A group of Irish artists has scooped the prestigious Turner Prize for 2021 for their remarkable art installation of an Irish pub.
The Array Collective, a Belfast-based arts group consisting of 11 artists, scooped the famous award for addressing social and political issues and converting their activism into memorable artwork.
The group's award-winning work included a mock Irish pub with political banners advocating for reproductive rights and protesting against conversion therapy.
The group beat four other collectives to the £25,000 prize, becoming the first Northern Irish artists to ever collect the Turner Prize, which has been running since 1984 and is the most high-profile award in British art.
The group said that they will put the prize money toward the rent for their Belfast art studio.
Jury chair and Tate Britain director Alex Farquharson complimented the group for dealing with "really serious stuff" and adding a "remarkable" lightness of touch.
"What they deal with is really serious stuff, LGBT issues, feminist perspectives on issues today in a divided society, even a sectarian society," Farquharson said during a ceremony at Coventry Cathedral on Wednesday evening.
"What the jury feels is remarkable is that kind of amazing lightness of touch and play and conviviality and sense of hospitality, and the sense of carnival that they bring to the work."
The jury praised the group for fusing "seriousness with humor" and addressing contemporary issues using ancient folk imagery.
In a statement, the jury said that they were impressed with Array's ability to "translate their activism and values into the gallery environment, creating a welcoming, immersive and surprising exhibition".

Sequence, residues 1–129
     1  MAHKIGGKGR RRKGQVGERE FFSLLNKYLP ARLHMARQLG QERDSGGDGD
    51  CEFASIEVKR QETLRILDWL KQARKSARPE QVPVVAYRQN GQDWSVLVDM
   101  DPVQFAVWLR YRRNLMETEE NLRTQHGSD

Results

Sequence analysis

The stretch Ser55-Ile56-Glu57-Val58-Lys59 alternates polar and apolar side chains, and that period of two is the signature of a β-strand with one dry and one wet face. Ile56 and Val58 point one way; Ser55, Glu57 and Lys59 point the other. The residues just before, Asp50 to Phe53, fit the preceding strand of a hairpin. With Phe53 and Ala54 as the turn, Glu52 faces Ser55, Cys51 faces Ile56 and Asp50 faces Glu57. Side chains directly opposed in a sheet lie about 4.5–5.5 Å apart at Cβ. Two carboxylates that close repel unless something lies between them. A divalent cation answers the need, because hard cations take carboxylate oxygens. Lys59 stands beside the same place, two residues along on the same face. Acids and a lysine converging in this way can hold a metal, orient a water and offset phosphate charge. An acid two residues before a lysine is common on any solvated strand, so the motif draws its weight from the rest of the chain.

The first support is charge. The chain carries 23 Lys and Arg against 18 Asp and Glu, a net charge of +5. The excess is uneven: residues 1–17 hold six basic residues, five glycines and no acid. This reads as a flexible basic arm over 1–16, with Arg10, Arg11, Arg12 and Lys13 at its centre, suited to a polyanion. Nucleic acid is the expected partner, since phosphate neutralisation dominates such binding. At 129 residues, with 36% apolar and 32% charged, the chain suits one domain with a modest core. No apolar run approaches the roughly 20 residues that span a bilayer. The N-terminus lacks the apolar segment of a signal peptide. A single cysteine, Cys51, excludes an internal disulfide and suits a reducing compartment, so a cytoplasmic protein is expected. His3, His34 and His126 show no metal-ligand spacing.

The group's deeply political art installation includes jokes, papier-mâché models, and a large pink poster with the slogan "Stop Ruining Everything".
The group aims to transform the mood of debate in Northern Ireland from aggressive and antagonistic to cheerful and welcoming.
The artwork's message can be seen in a list of "pub rules", which insist that customers must "have a laugh".
Turner Prize organizers announced in May that all nominees for this year's award would be collectives who helped to "inspire social change through art".
They added that the list would not be limited to artists who had held shows over the past 12 months since many galleries had remained shut due to the COVID-19 pandemic.
Array's Laura O'Connor said that the coronavirus pandemic inspired the group to "create something new".
"It's really pushed us to create something new - especially because we've not been making work over the last year, or showing work over the last year or two, with lockdown and everything," O'Connor said.
"So it's really motivated us and it's pushed [us] and it's changed maybe how we work."